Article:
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The big deficit-year push to accelerate drug policy reform continues with today's Senate Judiciary Committee meeting.

The committee will be hearing two bills that reformers

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Big Drug Law Reform Bills Get Hearings Today

olympiasunny.jpg
The big deficit-year push to accelerate drug policy reform continues with today's Senate Judiciary Committee meeting.

The committee will be hearing two bills that reformers are watching closely. One has been introduced for years and never gotten a floor vote; the other is being introduced for the first time.

Senate Bill 5615 - Marijuana Reclassification

This bill, sponsored by Sen. Jeanne Kohl-Welles, would take the eminently sensible step of reclassifying possession of small amounts of marijuana from a misdemeanor carrying jail time to a civil infraction carrying a $100 fine that can be paid by mail. Some stats provided by the ACLU:

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Testifying in favor will be former Eastside Republican rep. Toby Nixon and former King County Bar Association president John Cary. Likely to oppose the bill are the prosecutors' and law enforcement lobbies, and, of course, Tom Carr.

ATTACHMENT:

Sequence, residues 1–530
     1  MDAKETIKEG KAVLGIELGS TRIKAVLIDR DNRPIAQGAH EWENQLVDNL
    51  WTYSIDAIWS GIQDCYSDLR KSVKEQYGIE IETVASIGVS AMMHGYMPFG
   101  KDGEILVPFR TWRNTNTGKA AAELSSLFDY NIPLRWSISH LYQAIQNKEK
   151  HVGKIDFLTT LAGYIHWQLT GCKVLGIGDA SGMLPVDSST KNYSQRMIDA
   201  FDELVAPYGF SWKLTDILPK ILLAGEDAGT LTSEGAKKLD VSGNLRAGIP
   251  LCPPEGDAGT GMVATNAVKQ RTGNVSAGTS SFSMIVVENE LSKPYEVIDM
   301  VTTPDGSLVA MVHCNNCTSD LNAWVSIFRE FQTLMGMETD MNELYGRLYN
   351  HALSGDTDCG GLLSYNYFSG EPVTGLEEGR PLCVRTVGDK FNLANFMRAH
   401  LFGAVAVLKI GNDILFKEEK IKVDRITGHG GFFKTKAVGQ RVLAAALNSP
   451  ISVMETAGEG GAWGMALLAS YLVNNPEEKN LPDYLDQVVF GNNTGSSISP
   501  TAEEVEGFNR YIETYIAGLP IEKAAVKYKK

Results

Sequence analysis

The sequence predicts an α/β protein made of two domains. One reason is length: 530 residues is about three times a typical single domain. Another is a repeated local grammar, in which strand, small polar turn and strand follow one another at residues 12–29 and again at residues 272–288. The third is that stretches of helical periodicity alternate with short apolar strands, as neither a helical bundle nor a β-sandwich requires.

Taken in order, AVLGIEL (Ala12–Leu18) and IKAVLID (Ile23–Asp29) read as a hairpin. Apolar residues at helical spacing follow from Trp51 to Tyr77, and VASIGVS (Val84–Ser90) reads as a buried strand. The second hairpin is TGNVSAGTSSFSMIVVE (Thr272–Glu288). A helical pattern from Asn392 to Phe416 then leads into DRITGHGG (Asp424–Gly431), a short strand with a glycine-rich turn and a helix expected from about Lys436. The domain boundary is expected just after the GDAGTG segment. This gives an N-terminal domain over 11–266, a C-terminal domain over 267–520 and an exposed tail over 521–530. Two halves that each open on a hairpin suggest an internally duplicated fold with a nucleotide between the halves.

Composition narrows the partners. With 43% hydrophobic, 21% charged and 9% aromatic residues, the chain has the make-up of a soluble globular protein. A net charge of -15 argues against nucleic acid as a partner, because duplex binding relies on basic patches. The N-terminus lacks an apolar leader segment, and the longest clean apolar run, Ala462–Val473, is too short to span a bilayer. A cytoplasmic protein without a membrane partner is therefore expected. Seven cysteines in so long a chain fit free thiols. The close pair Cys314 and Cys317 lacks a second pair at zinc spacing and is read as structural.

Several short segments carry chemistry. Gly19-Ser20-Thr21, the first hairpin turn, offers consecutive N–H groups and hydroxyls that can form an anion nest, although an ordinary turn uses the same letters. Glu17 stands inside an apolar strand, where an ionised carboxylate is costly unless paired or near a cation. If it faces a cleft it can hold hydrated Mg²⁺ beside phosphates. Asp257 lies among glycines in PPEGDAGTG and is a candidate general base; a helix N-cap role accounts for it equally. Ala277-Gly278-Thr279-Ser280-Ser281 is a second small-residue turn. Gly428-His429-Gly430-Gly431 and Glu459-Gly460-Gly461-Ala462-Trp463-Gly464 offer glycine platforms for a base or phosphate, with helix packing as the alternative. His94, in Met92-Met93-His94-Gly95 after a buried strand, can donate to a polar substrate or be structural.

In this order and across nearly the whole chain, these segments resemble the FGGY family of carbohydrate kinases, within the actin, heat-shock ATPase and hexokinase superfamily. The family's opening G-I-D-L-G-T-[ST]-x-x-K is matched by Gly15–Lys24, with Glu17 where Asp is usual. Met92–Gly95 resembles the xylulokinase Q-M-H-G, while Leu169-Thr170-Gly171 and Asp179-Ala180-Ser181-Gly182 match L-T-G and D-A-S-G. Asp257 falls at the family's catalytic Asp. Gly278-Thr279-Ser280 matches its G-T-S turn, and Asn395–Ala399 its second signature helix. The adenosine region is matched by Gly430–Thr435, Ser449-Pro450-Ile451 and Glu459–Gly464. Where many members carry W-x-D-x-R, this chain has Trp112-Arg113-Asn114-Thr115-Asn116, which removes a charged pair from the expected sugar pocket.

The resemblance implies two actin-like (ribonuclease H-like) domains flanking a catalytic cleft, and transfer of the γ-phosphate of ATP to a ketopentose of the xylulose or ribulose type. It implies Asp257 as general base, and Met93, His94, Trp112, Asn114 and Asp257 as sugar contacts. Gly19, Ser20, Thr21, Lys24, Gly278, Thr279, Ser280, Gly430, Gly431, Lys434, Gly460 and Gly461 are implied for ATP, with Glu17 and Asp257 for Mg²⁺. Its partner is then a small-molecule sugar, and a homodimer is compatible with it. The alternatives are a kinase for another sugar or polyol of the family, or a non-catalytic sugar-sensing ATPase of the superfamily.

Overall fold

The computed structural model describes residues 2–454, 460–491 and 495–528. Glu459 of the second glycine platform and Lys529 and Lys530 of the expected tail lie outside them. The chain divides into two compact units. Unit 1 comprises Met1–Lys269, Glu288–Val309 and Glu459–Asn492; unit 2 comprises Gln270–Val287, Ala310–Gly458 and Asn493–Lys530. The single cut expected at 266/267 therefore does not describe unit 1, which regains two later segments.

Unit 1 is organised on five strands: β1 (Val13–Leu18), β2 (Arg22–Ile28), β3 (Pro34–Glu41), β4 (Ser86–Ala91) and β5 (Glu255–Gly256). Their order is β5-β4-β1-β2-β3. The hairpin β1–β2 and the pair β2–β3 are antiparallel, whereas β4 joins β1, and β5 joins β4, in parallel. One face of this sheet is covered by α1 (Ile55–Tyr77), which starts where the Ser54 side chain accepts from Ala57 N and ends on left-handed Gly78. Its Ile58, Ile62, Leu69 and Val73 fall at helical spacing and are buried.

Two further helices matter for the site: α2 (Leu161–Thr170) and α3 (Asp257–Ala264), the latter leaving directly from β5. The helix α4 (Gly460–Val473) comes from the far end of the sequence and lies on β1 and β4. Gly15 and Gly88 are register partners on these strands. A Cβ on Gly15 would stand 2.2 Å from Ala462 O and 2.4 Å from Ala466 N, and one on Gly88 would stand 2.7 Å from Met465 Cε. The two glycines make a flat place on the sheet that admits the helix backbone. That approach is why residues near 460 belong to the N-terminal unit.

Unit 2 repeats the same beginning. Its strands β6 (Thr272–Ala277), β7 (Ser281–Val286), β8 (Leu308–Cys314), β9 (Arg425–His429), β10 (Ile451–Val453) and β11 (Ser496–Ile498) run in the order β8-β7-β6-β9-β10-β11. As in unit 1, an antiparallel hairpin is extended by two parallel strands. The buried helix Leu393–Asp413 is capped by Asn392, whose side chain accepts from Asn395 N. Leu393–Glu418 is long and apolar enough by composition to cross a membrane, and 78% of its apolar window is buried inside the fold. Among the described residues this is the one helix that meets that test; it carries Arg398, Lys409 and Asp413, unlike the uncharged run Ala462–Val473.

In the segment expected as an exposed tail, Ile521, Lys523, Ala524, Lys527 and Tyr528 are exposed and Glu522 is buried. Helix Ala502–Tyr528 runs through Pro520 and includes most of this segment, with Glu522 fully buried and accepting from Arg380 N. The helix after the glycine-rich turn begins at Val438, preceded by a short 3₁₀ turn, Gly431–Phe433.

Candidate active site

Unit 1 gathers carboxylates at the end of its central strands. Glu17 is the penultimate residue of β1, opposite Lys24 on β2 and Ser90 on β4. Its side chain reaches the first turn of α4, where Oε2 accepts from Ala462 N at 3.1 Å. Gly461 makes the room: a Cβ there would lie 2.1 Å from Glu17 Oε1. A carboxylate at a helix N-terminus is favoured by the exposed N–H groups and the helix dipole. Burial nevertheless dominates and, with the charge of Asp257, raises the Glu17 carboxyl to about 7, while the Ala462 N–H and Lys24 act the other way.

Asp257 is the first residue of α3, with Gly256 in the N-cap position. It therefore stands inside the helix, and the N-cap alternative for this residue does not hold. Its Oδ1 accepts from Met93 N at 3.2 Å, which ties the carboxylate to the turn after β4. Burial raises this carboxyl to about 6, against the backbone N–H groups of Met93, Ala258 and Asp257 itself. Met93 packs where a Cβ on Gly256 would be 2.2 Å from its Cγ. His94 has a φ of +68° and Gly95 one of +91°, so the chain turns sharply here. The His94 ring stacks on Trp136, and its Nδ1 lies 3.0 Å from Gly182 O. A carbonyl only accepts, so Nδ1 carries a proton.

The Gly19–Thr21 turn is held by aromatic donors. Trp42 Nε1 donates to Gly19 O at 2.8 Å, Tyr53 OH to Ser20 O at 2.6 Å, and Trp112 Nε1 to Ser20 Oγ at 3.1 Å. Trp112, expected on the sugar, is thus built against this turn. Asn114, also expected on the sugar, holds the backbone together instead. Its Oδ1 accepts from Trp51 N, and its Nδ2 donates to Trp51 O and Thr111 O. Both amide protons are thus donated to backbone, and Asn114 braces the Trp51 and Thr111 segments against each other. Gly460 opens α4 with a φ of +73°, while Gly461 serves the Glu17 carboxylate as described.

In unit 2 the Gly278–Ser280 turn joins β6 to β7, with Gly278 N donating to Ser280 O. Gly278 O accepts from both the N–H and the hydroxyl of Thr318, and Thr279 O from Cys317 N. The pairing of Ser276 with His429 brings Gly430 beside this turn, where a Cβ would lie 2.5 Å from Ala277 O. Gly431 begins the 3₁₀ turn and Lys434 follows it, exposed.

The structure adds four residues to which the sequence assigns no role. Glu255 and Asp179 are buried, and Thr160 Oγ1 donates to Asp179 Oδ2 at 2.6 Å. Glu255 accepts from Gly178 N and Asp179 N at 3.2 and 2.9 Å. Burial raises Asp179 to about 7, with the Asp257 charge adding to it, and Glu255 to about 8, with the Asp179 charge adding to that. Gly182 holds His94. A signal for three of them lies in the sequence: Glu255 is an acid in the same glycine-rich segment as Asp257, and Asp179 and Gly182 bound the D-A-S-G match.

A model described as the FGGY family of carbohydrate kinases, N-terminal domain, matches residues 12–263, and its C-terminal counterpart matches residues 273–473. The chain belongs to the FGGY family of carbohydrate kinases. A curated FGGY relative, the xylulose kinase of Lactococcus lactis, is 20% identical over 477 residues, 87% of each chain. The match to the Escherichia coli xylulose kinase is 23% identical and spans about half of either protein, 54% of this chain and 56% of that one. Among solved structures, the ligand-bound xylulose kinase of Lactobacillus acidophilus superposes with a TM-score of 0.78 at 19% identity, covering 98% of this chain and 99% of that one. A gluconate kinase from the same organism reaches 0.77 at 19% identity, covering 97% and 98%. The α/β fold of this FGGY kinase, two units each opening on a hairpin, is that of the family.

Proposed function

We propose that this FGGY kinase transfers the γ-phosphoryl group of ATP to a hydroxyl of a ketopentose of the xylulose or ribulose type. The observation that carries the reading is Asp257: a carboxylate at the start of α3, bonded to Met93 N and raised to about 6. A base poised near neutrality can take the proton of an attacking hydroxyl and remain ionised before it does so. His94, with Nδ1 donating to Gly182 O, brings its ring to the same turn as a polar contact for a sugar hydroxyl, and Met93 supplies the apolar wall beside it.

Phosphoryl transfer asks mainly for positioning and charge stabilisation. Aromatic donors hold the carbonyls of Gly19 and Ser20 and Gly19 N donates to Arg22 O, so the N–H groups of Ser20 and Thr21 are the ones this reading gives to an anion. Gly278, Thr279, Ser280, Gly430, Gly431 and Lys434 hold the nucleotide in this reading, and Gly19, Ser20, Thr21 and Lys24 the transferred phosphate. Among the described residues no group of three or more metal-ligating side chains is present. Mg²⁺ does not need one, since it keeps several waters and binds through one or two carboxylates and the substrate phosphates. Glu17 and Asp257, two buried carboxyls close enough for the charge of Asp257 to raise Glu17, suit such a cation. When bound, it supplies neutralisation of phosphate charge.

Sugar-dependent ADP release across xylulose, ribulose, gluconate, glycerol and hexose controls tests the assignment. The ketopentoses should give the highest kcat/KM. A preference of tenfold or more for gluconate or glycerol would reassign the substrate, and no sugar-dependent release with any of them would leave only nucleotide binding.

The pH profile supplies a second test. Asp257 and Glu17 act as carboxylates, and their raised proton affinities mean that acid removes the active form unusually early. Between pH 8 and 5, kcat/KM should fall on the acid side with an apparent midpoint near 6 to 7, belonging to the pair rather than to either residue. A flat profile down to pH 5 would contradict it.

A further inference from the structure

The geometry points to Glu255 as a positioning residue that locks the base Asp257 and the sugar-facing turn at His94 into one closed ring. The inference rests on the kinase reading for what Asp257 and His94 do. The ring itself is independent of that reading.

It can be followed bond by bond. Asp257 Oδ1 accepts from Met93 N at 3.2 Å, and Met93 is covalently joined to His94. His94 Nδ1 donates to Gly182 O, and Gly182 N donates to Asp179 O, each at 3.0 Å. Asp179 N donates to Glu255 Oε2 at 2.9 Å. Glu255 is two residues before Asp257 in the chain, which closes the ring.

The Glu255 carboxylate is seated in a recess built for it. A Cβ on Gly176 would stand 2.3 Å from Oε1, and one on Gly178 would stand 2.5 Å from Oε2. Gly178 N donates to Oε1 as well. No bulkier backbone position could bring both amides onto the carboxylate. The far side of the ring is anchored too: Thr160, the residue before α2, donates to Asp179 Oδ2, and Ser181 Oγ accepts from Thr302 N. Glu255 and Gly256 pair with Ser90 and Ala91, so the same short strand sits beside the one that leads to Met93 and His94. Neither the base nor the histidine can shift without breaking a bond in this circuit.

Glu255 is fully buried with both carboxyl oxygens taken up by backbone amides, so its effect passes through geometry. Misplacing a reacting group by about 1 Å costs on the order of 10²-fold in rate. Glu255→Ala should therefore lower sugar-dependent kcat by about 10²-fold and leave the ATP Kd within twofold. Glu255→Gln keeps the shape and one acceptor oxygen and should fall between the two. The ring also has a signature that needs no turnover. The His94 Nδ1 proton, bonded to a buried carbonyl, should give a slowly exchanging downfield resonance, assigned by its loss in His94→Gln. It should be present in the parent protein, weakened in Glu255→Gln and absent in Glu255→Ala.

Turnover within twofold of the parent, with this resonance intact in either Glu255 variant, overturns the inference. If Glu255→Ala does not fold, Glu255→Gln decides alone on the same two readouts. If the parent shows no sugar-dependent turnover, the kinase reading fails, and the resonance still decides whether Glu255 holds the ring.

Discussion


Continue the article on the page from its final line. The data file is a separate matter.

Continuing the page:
The bill's companion, House Bill 1177, has yet to score a hearing.

Senate Bill 5516 - Overdose Prevention

This is basically a Good Samaritan law, protecting people who call 911 in overdose situations from prosecution for drug crimes. (The bill wouldn't protect dealers who sold the overdose victim the drug at a profit.)

Sen. Adam Kline has been introducing an overdose prevention bill since 2005, though it never made it further than the Rules Committee. This year, he passed it on to Sen. Rosa Franklin, saying that he thought it was fitting that a nurse be the primary sponsor.

ACLU Drug Policy Director Alison Holcomb, contends that it's important for 5516 to get out of committee so it can be merged with its companion bill, House Bill 1793, as the two contain complementary provisions. The House bill was introduced by Rep. Roger Goodman, who says he got it from the Washington State Medical Association.

Unlike the Senate bill, HB 1793 also provides for the distribution of Naloxone, a drug that works to reverse opiate overdoses. In his testimony before the House Committee on Public Safety & Emergency Preparedness, Goodman noted that drug overdoses killed more people than car accidents in Washington state last year.

The bills are being opposed by the Washington Association of Prosecuting Attorneys and the Washington Association of Sheriffs and Police Chiefs, who argue that the bills won't accomplish the goal of getting people to call 911.

In his testimony before the House committee, WASPC spokesperson Don Pierce argued that anybody "who has the foresight" to think of the consequences of calling 911 could also destroy the evidence that would be used in a future prosecution. (Seems like a ridiculous claim to this non-cop, given the usually large number of potential witnesses, the difficulty of eliminating all traces of drugs from the crime scene, etc.)

WAPA and WASPC say they are basing their opposition largely on their experiences with the newborn abandonment law, which they say has been unsuccessful in preventing infant abandonment.

Nevertheless, studies have repeatedly identified "fear of police" as "the most significant barrier to the ideal first response of calling emergency services."

 
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